Dying is easy, comedy is hard it has been said. Comedy is the riskiest genre of film to create because while making it you never know if it is working until the editing room. You hope, your extincts serve you well, but you just do not know, this is where having great cinematic sense serves the director. Onstage it is easier because those around the director are watched carefully to make sure they are laughing, but a film set is very different.
There are also crossovers where one form merges with another to become one, or the entire genre is merged with another. The most recent form of new comedy is the parody, more or less created by Mel Brooks who made affectionate fun of various film genres in the seventies beginning with Blazing Saddles (1974). The oldest form is slapstick coupled with burlesque, ribald even vulgar comedy.
It was Chaplin who understood how to make comedy great, sneaking in his powerful social messages among the gales of laughter or happy tears. His gift for slapstick was genius, but he merged that with his ferocious social awareness to create some of the finest comedies of all time. In the forties, Preston Sturges made some of the great film satires, while Arsenic and Old Lace (1944) was among the first black comedies to find an audience. And so they evolved, great directors emerged directing brilliant comedies with actors doing brilliant, though often ignored work. Today there ten sub-genres within the master comedy genre. Here they are defined, with examples of the very best of the genre.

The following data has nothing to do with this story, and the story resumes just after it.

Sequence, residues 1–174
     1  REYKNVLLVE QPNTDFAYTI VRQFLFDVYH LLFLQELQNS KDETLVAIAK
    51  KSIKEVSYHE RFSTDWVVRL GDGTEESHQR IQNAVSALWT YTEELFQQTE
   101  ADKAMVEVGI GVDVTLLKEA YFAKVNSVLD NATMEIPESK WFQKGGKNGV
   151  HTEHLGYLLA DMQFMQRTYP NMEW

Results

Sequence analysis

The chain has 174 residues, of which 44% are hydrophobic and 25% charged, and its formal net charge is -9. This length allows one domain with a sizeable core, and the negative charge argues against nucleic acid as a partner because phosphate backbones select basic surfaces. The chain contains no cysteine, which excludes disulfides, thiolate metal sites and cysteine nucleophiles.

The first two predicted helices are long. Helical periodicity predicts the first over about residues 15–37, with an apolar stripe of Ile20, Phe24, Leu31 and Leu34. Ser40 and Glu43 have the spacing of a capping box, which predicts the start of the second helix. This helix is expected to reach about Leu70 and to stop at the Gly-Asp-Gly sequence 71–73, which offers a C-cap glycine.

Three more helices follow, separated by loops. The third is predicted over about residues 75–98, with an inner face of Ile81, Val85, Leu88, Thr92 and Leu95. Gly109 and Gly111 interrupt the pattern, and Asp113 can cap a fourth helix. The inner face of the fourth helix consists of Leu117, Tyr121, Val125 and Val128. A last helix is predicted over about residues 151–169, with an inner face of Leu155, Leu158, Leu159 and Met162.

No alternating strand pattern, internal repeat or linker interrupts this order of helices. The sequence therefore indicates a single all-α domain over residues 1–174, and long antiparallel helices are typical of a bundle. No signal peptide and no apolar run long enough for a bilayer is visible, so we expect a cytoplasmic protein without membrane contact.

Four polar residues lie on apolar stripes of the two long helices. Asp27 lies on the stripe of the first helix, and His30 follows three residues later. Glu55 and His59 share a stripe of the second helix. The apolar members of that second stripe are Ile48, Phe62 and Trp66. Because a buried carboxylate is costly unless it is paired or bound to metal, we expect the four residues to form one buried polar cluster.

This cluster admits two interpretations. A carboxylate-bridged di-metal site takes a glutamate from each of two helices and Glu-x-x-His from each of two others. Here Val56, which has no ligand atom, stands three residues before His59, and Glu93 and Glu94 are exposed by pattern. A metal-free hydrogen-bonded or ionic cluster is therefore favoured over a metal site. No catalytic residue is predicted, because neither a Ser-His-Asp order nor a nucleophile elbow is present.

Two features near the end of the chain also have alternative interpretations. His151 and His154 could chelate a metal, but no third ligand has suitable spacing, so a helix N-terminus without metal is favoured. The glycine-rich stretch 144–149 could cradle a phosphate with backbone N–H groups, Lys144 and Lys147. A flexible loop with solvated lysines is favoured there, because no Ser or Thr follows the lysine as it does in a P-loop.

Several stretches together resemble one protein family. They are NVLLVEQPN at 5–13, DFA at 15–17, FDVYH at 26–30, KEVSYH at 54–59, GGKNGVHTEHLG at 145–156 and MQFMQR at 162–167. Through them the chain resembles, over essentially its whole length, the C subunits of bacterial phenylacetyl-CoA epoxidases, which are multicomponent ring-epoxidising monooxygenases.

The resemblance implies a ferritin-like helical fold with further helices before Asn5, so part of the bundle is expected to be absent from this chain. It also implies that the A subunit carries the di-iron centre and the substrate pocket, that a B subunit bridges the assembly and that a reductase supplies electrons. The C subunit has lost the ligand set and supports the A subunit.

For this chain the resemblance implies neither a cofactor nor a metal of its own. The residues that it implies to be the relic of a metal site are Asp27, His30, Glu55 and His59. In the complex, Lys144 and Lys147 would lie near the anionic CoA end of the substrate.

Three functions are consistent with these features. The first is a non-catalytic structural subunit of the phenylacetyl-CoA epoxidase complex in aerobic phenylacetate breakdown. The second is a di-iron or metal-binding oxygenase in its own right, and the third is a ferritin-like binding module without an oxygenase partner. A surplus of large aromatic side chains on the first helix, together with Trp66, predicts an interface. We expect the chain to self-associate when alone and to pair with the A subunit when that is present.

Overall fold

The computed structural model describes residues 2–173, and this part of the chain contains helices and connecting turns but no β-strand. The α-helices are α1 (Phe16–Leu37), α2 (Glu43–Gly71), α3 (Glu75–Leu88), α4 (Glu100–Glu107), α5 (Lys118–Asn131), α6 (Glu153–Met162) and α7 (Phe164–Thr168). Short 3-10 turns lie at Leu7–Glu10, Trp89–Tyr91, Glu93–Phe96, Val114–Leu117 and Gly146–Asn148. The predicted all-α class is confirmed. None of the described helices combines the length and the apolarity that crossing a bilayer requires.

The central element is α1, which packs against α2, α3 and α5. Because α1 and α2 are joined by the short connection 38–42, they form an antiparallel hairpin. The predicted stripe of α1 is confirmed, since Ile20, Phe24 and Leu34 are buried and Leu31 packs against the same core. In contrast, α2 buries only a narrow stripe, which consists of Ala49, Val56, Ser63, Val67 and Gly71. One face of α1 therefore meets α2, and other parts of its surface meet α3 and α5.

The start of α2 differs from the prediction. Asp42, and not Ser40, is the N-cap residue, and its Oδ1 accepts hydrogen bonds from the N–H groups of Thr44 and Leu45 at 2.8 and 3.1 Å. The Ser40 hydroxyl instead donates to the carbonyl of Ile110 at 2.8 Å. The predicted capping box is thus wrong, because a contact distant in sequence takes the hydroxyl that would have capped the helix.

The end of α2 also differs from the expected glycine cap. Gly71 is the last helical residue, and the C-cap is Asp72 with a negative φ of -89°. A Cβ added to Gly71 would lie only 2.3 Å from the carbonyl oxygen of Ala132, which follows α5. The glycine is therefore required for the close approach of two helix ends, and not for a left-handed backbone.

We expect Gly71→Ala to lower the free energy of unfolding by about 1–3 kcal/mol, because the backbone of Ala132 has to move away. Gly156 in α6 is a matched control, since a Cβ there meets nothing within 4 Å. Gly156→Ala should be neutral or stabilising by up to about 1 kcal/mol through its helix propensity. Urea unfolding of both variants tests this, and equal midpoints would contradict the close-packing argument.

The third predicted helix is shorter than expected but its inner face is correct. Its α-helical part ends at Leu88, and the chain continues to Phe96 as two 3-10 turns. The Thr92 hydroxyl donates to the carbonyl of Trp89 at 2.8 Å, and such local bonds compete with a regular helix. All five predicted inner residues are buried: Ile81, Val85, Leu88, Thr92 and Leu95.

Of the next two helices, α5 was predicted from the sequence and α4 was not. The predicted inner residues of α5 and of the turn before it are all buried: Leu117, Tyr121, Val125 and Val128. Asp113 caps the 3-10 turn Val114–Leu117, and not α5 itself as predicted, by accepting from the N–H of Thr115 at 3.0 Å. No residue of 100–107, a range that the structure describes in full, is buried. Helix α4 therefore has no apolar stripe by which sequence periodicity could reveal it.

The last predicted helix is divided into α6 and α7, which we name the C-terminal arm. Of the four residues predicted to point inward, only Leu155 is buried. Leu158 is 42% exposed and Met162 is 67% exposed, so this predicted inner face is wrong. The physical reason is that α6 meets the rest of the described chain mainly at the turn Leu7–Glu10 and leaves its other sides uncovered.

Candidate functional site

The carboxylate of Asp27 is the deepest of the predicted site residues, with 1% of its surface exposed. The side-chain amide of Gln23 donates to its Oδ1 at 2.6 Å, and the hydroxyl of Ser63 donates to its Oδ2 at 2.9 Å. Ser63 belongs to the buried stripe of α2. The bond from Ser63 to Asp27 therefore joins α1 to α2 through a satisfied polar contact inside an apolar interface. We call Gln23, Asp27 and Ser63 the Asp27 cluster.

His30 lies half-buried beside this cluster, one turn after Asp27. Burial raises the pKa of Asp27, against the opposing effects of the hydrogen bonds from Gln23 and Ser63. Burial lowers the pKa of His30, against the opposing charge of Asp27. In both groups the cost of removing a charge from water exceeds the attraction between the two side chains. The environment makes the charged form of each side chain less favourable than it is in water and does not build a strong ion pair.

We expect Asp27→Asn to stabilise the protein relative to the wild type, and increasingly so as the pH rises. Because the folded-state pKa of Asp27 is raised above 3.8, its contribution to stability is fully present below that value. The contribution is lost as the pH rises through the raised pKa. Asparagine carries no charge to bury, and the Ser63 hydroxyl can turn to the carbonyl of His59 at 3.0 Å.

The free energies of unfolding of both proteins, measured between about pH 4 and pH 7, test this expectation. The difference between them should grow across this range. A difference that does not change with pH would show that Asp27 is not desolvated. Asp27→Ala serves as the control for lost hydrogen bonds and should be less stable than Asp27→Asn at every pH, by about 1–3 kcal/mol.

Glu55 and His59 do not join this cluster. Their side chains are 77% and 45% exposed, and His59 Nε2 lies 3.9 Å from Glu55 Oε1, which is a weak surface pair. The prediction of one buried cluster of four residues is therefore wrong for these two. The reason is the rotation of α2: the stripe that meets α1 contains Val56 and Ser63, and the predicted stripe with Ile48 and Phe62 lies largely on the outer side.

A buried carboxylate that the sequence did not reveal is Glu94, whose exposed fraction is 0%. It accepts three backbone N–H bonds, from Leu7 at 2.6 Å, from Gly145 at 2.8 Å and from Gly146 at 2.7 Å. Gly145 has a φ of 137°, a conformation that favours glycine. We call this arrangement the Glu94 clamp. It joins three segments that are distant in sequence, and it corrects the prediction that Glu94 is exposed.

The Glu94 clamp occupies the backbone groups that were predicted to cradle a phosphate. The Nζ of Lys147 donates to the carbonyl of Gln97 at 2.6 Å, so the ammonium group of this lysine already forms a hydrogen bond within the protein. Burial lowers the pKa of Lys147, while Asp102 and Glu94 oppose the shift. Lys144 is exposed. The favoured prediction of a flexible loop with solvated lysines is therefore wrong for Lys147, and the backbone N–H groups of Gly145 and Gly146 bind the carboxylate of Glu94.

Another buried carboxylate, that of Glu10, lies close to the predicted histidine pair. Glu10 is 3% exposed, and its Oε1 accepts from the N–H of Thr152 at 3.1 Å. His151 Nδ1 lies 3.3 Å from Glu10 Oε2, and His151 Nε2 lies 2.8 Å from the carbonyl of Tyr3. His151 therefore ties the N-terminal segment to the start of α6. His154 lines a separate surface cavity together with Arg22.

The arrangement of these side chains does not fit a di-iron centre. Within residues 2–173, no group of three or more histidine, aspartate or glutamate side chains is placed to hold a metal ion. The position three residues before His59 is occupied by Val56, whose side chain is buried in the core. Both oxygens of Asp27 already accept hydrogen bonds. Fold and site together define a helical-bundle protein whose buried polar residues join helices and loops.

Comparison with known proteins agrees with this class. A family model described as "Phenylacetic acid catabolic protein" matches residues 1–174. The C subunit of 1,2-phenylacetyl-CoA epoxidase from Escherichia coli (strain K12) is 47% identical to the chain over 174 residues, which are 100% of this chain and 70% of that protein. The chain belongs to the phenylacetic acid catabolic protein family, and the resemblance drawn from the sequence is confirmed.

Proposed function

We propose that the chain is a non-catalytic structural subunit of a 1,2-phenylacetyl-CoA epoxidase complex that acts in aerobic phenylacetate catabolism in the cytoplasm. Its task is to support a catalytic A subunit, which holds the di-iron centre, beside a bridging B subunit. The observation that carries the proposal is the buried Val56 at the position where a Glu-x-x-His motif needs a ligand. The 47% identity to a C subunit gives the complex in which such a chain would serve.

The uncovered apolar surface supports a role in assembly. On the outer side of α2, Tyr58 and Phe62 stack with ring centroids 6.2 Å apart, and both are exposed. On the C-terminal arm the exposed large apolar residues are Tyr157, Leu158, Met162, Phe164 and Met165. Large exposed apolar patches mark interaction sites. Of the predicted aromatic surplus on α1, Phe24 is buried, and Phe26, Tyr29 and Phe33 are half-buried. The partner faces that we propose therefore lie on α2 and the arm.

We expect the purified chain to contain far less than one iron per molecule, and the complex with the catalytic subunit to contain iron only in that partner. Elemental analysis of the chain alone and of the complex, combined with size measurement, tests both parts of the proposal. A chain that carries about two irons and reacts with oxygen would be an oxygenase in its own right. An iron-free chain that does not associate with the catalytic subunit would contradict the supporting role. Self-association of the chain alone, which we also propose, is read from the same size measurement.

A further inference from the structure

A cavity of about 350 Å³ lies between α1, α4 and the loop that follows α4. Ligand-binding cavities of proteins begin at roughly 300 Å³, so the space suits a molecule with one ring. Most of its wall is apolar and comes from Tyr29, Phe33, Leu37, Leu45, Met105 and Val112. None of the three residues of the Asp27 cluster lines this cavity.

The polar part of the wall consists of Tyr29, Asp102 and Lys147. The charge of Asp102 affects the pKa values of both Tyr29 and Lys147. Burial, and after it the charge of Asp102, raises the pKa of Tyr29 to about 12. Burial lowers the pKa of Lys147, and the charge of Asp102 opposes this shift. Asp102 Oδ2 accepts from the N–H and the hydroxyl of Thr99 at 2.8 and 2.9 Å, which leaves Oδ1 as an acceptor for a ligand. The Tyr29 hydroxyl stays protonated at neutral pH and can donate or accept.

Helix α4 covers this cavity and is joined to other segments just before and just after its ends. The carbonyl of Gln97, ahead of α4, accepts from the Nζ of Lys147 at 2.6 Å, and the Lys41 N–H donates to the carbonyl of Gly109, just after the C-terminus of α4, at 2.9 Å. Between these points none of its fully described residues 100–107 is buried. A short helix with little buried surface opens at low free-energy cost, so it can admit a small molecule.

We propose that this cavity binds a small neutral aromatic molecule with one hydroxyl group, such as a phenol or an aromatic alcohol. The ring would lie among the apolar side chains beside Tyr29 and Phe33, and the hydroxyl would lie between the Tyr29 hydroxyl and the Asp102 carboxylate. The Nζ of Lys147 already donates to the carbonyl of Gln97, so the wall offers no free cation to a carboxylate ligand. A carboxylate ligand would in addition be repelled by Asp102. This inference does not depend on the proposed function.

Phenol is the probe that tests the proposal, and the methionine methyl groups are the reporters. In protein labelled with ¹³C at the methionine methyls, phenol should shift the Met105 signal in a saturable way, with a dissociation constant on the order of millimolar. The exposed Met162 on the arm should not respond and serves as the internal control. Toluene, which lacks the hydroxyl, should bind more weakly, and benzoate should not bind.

1. Black Comedy
Perhaps the most sophisticated form of comedy, black comedy depends on making an audience uncomfortable and drawing laughter from taboo subjects such as murder, sex, religion, politics, anything that has been taboo in exploring on film. Good writing and smart direction are essential, and a true black comedy remains dark through to the very end of the film, there is nothing to brighten things up towards the conclusion. The creators must have the courage of their convictions and follow the comedy through to the chilling finale. Arsenic and Old Lace (1944) was the first great such film, based on the long-running play that could not become a film until the Broadway run was over. Chaplin attempted a black comedy with his brilliant, unsettling Monsieur Verdoux (1947), a chilling film, but his audiences did not warm to him in the role or really, speaking. Considered a masterpiece today, it was reviled upon released.
The greatest black comedy for many remains Kubrick’s masterful Dr. Strangelove (1964), a stunning work about the end of the world made shortly after the Cuban Missile Crisis when the world was genuinely fearful of a nuclear war. True black comedy right through to the dark ending where we see the world end, it is hilarious but darkly so, daringly so. His film A Clockwork Orange (1971) is often hailed as a black comedy as well, though also crosses into social satire, equally dark, equally brilliant. More recent black comedies include Death Becomes Her (1990) and the viciously comic Very Bad Things (1998). To an extent Suicide Squad (2016) is a black comedy as well, turning the superhero film upside down making the villains the heroes, sort of.